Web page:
Capote is one of the best films in recent memory.

The stupendous, dazzling, radiant, ebullient, outstanding, phenomenal and alas no longer among us…
Philip Seymour Hoffman has won a well-deserved Oscar for his leading role in this chef d’oeuvre

In Cold Blood, the other book that has surely offered inspiration to this splendid film is a wonderful achievement
                You can find it on The Modern Library list of 100 Best Nonfiction Books:


In some ways, Capote is the motion picture that explains how the wonderful book was written.
The famous Truman Capote reads the story of a vicious homicide that took place in November 1959.

The four members of the Clutter family living in the countryside in Kansas have been killed In Cold Blood.
Capote travels to Kansas with his assistant, the later famous Harper Lee, author of To Kill a Mocking Bird that is only mentioned in passing in this movie, portrayed graciously by Catherine Keener.

The famous writer becomes ever more interested in this gruesome drama, learning the details of the deaf family, solid, honest, good citizens all.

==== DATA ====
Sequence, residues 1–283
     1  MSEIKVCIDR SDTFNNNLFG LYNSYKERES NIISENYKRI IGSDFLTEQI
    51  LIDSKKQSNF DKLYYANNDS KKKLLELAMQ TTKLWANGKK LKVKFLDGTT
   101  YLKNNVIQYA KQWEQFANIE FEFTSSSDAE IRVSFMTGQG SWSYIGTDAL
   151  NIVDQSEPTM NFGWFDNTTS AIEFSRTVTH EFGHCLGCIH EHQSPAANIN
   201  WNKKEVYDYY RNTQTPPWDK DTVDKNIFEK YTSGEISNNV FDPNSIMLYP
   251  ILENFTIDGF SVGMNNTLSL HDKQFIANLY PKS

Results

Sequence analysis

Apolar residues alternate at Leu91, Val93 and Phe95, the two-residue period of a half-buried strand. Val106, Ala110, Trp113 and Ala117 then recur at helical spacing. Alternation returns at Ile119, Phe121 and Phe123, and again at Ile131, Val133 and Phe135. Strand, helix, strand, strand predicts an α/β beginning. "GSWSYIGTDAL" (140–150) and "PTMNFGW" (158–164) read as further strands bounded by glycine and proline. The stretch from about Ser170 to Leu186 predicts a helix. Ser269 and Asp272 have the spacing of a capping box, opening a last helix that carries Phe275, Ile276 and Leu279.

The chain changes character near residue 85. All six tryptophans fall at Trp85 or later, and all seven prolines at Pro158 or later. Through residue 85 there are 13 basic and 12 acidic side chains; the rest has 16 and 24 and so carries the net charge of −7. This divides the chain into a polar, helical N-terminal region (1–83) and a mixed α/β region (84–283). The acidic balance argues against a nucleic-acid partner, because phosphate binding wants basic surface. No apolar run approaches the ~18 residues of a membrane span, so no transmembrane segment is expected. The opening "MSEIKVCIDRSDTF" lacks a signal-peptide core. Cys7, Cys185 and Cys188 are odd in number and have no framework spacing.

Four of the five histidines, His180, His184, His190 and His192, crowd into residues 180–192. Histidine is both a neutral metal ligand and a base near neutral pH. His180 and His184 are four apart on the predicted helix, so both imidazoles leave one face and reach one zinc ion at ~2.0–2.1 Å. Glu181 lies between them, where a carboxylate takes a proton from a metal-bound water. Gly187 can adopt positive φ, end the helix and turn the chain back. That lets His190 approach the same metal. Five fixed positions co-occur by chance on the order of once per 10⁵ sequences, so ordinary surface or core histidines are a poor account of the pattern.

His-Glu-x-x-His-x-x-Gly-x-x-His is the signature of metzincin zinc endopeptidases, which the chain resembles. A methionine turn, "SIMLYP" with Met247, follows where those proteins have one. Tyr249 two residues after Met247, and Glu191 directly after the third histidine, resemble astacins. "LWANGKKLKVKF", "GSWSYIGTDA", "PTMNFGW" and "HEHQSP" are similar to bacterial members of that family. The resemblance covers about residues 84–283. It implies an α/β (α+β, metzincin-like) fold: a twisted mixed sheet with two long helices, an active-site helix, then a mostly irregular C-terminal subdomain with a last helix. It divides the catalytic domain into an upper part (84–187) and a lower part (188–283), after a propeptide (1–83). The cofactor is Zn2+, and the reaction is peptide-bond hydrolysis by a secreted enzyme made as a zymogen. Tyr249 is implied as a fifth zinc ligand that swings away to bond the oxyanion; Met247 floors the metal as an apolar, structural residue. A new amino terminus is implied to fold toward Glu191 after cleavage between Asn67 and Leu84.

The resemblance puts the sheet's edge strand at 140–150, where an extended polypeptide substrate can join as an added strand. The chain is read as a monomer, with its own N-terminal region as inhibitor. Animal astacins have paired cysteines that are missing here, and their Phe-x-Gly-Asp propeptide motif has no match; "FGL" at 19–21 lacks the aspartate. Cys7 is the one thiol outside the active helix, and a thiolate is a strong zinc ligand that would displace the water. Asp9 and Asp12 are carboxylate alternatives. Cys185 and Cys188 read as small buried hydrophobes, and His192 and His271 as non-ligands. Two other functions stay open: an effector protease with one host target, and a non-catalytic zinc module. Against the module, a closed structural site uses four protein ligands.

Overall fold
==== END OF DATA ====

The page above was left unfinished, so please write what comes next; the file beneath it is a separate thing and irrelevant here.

Capote befriends the investigator, his family and other people involved in the inquiry or friends of the deceased.
When amiability does not work, as in the case of a prison warden, the author offers money to get access.

Perry Smith and his partner in crime are caught near the middle of the film and Truman Capote becomes interested and somewhat attracted by the killer, which dismays the writer’s partner.
This is a dual relationship, for the killer provides an important subject for the author, who also has some feelings.

The nature of those emotions is surely complicated; a mixture of compassion and fascination for the prisoner is probably involved.
Truman Capote talks about In Cold Blood as an absolute novelty, a new genre that he creates with his book.

In what looks like dialogue inspired by real life interviews with the novelist, he relates his learning about the story:

It has changed my life…nothing seems to be the same anymore
I trust that the reader may have the same extraordinary experience

Truman Capote is in the audience when the suspects are on trial and he watches with attention.
Perry Smith seems to be absent from the courtroom.